Epiphora (Excessive Tearing) in Cats

Overview of Feline Epiphora (Excessive Tearing)

Epiphora is an abnormal overflow of tears down the face that results from either obstruction of tear drainage through the nasolacrimal (tear duct) system or overproduction of tears that overwhelms the cat’s normal drainage system. The overproduction of tears is most often a reflex, activated to expel irritating material from the surface of the eye or when significant irritation develops inside the eye. Although uncommon, epiphora may also result from overactive lacrimal (tear) glands and be unassociated with any source of irritation.

Normal cats may occasionally have minor tear overflow or minor eye discharge. However, excessive, chronic or recurrent bouts of epiphora suggest a problem may be present.

Tears are continuously produced on the eye in most cats. With each blink of the eyelids, tears are pushed along the outer aspect of the eyelids towards the nose. A small hole called a puncta is present in both the upper and lower eyelid very close to the where the lids meet near the nose. Tears normally flow down these two drainage holes into a central collecting sac (lacrimal sac) that sits just under the skin below the eye. From this sac, a small tube or duct (nasolacrimal duct) carries the tears into the nose. In some cats the duct opens just inside the nostril. In other cats, the duct opens further back in the nose. The tears also help keep the nose and nostril moist.

While tears are typically colorless, they can dry to a dark red-brown-black crust, especially in the cat. Chronic tearing can also result in a brown to rust-colored staining of the hair around the eyes and face of cats. This is believed to be due to porphyrins or other pigment-like substances present in the tears.

Tears that spill over onto the face can also be irritating to the skin of the face. Moisture and bacterial build-up in that area aggravates this irritation.

Causes of Excessive Tearing in Cats

Epiphora can be caused by numerous conditions. Some common causes of tear flow obstruction include:

Epiphora can also result when tear production increases due to irritation of the eye or stimulation of the tear glands. Common causes of epiphora in this group include:

Some of the above disorders cause both obstruction of tear flow and stimulation of excessive tear production.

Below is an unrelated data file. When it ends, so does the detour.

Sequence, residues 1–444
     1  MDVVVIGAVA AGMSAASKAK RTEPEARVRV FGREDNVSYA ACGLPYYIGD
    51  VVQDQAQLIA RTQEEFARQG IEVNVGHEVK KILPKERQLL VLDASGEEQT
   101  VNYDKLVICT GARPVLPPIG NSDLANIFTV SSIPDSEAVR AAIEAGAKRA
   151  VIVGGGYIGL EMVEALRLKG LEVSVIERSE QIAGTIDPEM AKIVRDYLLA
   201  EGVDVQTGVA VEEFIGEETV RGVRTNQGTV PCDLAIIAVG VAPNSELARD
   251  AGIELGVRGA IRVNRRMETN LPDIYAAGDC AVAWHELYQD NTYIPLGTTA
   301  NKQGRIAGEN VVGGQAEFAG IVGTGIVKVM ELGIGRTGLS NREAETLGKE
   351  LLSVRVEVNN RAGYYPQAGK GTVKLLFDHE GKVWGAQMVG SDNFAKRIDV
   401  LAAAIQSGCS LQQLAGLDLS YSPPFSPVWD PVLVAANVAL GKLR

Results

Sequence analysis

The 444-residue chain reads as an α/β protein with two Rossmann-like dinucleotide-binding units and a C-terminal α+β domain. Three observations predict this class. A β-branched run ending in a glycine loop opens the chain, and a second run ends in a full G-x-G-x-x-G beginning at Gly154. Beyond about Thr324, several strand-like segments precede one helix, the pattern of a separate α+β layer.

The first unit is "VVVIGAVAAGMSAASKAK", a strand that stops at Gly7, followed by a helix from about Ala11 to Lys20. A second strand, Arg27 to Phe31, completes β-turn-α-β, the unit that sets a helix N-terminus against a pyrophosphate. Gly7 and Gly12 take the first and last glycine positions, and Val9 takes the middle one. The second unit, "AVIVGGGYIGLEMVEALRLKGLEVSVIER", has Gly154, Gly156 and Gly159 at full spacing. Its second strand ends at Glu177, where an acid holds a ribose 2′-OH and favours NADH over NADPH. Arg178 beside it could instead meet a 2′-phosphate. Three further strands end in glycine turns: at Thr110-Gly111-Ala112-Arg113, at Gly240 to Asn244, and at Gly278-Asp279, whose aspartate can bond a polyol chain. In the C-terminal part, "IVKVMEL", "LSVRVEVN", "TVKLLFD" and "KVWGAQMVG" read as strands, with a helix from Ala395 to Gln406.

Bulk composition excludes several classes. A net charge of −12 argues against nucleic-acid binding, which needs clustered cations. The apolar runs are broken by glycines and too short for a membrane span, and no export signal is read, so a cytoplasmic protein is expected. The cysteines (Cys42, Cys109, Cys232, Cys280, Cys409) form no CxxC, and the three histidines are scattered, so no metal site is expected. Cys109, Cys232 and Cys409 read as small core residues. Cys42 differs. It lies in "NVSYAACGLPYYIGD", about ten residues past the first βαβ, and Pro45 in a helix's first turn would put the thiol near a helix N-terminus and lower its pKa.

What to Watch For

Diagnosis of Epiphora in Cats

Veterinary care often includes diagnostic tests to determine what is causing the epiphora or ocular discharge. Epiphora is initially classified into one of three categories:

Once a specific diagnosis has been established, appropriate treatment can be instituted.

There are several potential diagnostic tests that help delineate the cause of the epiphora. Your cat may be referred to a veterinary ophthalmologist for further evaluation and completion of some of these tests, which may include:

Treatment of Epiphora in Cats

The goals of treating epiphora include 1) eliminating any causes of excessive tearing, 2) eliminating any obstruction to tear flow (if possible), 3) decreasing the irritation caused by the tears themselves, and 4) keeping the face and area around the eye dry and clean. Specific treatment depends on the cause of the epiphora or ocular discharge. There is no general nonspecific treatment for epiphora.

Treatment of Eye and Orbital Disorders

Managements of Chronic Epiphora

Home Care for Cats with Epiphora

Recommendations for home care depend upon the underlying cause of the problem. In addition, some general care is necessary to maintain the health of the eye.

Gently clean away any eye discharge with a sanitary cloth or tissue, and keep the area clean and dry until the cause of the problem is identified.

Do not delay in bringing your pet to a veterinarian for examination as some causes of epiphora, especially those that are sudden in onset are potentially vision threatening and require immediate medical or surgical attention.